Role of the Funding Source
The funders had no role in the study design, analyses, or preparation of the manuscript.
BMI Distributions According to Marriage Year
The median BMIs in boys and girls at age 13 years were stable across the two marriage periods from 1945 to 2010 (Table 1). Whereas the lower BMI percentiles were virtually unchanged, the upper percentiles (90th and 95th) increased in both boys and girls across the two periods, reflecting the obesity epidemic (Table 1). The age at marriage also increased from mean of 23.8 years SD (3.3) and 21.6 years (3.1), respectively, in boys and girls, in the years of 1945–1970, to 29.7 years (7.5) and 27.9 years (7.6) in the years of 1971–2010. Likewise, mean heights increased slightly from 152 cm SD (7.4) to 154 cm (7.8) in boys at age 13 years, and from 154 cm (6.9) to 156 cm (7.1) in girls, respectively. The BMI distributions of our study sample stratified by gender and two birth cohorts were similar to the distributions in the total- as well as in the ever married CSHRR-population. Yet, the 95th BMI percentile in our married girls born in years 1971–1989 was 24.9 kg/m2 at age 13 years, whereas in both the total CSHRR- as well as in the ever married CSHRR-population (without the study population) it was 25.9 kg/m2.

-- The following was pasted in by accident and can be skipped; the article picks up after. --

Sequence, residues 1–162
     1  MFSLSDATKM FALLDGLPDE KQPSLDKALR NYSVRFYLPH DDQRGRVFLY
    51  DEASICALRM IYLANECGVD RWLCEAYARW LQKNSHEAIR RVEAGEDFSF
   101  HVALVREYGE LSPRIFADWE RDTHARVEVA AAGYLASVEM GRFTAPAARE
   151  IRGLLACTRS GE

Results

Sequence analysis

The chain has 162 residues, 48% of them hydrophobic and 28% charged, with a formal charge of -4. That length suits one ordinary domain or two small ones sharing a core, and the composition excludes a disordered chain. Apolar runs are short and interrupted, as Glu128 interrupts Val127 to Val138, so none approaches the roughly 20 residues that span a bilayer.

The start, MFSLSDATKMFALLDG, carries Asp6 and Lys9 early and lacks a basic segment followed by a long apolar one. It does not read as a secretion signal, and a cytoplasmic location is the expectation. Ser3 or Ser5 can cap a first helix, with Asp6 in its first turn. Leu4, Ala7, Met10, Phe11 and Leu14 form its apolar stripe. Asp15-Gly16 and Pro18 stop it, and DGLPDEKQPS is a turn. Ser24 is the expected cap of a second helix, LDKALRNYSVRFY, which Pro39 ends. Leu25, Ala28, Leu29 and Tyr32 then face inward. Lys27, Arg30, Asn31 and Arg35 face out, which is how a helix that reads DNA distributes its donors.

Table 1. BMI distributions according to two periods of marriage year—before and during the obesity epidemic.
Spousal BMI Correlations
Spousal correlations of BMI z-scores at age 13 years by intervals of marriage-years were stable over the 10 marriage periods (Figure 2), with no significant trend over time (p = 0.25). Similarly, estimated correlations using only two marriage periods (before and during the obesity epidemic) showed no significant difference either (r = 0.04, 95% CI 0.02–0.05, and r = 0.06, 95% CI 0.04–0.07, respectively (p = 0.11). Adjustments for marriage age and height at age 13 years did not attenuate the coefficients (r = 0.05, 95% CI 0.03–0.05, and r = 0.06, 95% CI 0.05–0.08, respectively).
Figure 2. Spousal correlations for standardized BMI z-scores from age 13 years with 95% CI estimates, by 5-year intervals of marriage cohort.
Observed Versus Expected Ratios of Marriage by BMI